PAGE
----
Future of Reading & Writing Lightning Talk at Stanford University

On Monday, May 16th I delivered a Lightning Talk at Stanford’s Graduate School of Education on the future of reading and writing. My talk explores how technology is creating a growing divide between the classroom and life beyond. In my talk, I share specific strategies and tools educators can use to teach reading and writing for today’s students.

Note: 59 minutes into the video is a panel discussion about the future of reading and writing.

For tips on teaching reading and writing with technology, check out my latest book Creatively Teach the Common Core Literacy Standards with Technology!

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Conversations Instead of Grades

At the start of this year, I wrote a blog titled “Grading for Mastery and Redesigning My Gradebook,” which detailed my desire to rethink assessment in my classroom. I was tired of students always asking me about points and grades, instead of asking me about how they could improve their skills.

I wanted feedback and assessment to be an ongoing conversation. Too often students complete work at home in isolation. Then the teacher collects that work, takes it home, and grades it in isolation. This traditional workflow does not encourage face-to-face conversations about where each student is at in terms of his/her journey towards mastery.

Too often the time a teacher spends leaving comments and edits on student work is never used to improve those pieces. Students are often unsure of their own strengths and weaknesses. And many do not know how to improve on the skills they are struggling with. This is where conversations can be more powerful than grading.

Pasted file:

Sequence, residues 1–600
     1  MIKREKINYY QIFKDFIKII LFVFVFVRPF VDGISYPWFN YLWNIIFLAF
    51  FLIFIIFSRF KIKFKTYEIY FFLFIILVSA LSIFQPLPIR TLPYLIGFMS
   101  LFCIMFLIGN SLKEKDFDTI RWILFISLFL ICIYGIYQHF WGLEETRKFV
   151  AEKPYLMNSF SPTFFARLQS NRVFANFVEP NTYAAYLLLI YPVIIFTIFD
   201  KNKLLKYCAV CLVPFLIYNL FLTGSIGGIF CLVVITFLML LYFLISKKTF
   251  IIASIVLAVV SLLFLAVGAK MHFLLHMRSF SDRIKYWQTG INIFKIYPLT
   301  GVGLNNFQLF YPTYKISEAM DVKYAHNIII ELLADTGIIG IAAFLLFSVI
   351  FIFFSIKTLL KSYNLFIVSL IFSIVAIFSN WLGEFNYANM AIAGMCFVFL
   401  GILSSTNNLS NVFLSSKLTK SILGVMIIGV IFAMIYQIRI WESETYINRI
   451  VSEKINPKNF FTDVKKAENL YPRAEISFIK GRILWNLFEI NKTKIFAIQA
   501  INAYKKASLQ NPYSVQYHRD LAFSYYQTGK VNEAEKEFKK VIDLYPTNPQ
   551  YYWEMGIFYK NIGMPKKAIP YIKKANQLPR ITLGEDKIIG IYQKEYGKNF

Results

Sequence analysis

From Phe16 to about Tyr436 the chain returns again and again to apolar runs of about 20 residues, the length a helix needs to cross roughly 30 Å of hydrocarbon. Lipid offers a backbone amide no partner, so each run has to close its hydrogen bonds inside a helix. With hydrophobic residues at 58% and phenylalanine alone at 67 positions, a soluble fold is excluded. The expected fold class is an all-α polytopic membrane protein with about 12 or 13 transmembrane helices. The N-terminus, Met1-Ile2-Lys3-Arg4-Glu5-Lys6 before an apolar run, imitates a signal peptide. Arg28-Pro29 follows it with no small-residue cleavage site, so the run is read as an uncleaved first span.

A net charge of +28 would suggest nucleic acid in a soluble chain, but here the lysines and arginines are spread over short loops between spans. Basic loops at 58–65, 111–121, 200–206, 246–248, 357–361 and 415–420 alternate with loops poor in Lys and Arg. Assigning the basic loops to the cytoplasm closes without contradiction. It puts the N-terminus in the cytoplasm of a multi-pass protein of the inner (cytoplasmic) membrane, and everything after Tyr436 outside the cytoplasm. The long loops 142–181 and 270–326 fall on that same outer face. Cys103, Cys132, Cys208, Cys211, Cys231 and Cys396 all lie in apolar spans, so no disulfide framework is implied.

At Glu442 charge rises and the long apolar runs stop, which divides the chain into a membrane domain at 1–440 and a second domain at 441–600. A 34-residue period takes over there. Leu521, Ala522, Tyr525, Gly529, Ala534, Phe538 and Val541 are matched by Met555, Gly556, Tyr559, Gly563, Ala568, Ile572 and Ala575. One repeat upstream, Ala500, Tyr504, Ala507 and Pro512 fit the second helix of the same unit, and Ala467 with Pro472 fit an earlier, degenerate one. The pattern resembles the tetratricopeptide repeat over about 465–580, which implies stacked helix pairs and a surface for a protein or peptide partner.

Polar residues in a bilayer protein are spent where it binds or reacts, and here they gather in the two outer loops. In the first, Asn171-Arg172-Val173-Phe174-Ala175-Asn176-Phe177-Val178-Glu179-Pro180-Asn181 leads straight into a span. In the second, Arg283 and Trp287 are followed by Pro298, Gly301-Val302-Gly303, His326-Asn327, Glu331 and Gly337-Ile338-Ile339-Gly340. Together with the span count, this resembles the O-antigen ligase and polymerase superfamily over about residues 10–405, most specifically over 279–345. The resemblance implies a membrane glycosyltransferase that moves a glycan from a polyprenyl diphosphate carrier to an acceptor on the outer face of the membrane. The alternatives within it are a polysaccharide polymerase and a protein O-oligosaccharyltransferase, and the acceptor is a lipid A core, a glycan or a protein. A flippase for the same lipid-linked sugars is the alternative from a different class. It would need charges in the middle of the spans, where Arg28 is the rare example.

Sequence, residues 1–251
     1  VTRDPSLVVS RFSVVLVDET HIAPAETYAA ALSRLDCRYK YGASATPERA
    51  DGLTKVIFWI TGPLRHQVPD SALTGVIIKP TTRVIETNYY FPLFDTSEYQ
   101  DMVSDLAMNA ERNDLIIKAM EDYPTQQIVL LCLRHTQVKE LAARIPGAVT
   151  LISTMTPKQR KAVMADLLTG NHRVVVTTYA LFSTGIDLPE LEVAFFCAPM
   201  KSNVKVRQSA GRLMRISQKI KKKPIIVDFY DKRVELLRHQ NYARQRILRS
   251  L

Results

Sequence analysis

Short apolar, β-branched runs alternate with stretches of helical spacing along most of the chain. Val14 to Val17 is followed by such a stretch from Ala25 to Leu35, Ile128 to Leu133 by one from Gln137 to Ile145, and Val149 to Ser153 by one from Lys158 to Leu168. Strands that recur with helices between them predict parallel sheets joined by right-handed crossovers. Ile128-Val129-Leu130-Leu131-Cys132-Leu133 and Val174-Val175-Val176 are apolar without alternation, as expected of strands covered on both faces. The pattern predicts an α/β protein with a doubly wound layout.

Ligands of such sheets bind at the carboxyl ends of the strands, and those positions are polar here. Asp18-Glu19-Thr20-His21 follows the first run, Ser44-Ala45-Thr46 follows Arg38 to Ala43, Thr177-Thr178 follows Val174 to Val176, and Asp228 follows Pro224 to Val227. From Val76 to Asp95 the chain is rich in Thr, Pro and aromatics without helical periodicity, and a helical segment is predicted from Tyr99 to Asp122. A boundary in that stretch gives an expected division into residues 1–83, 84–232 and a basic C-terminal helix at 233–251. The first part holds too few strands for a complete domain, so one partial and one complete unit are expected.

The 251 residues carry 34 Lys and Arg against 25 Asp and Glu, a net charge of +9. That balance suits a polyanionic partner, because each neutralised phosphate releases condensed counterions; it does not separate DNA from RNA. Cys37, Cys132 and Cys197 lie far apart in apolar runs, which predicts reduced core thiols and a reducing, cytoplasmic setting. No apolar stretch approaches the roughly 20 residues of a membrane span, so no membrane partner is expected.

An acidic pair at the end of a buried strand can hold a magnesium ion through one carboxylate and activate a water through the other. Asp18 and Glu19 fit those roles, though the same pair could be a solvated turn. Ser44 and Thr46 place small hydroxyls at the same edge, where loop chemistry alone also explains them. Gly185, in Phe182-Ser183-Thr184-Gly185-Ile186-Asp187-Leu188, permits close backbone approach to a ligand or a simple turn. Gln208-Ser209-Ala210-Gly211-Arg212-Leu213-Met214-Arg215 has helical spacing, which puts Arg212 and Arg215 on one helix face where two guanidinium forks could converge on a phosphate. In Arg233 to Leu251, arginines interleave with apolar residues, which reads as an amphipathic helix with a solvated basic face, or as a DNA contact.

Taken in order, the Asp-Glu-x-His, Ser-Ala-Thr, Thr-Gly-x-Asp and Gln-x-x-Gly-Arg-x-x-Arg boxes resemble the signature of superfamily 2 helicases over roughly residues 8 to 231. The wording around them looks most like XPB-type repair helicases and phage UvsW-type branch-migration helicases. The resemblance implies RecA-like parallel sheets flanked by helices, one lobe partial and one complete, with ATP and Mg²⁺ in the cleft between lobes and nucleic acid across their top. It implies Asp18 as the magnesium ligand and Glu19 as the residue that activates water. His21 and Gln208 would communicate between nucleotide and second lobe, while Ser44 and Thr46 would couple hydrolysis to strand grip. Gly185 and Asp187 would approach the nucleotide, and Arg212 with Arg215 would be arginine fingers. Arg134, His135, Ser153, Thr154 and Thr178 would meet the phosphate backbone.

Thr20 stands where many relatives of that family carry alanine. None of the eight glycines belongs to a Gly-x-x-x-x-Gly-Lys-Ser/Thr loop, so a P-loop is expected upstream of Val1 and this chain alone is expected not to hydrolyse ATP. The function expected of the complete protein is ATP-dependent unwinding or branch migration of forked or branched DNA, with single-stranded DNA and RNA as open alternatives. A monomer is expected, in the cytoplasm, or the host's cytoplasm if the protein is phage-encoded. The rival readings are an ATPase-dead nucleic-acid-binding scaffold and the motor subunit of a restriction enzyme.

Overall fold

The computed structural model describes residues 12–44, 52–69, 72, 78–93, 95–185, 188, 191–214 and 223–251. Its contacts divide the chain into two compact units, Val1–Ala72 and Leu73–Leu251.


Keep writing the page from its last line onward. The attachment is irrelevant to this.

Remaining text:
For the last 3 class periods, my students have been engaged in either a Station Rotation lesson or independent work on their digital portfolios. As they work, I have conferenced with each individual student to discuss their most recent argumentative essays. Prior to these conversations, I synchronously edited their work on a shared Google Document. I provided detailed feedback and comments on their writing throughout the writing process. Then when they submitted their final drafts, I did not add any additional comments to their documents. Instead, I completed a simple rubric for each essay. The time I normally would have spent adding another round of comments to accompany the rubric was spent conferencing with my students.

During our face-to-face conversations, we discussed their specific areas of growth and I highlighted areas where they needed to continue to develop. I pointed students to videos and online resources I thought would support them in improving in these areas. I also ended every conversation by asking, “Is there anything you want to ask me?” It was interesting to watch their expressions as they contemplated this question. It was clear this isn’t a question they are asked very often. Many of my students asked about an aspect of writing they were confused about. Some asked about a comment I had previously made that they didn’t understand. I realized that many of my students will never ask these questions unless I create the time and space for them to do so.

As I conclude this year and reflect on what worked and what didn’t, I believe spending less time grading and more time having conversations with students about their progress has been one of the most rewarding shifts for me. Next year, I am determined to move assessment back into the classroom where it belongs!

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3 Ways to Shake Up The Station Rotation Model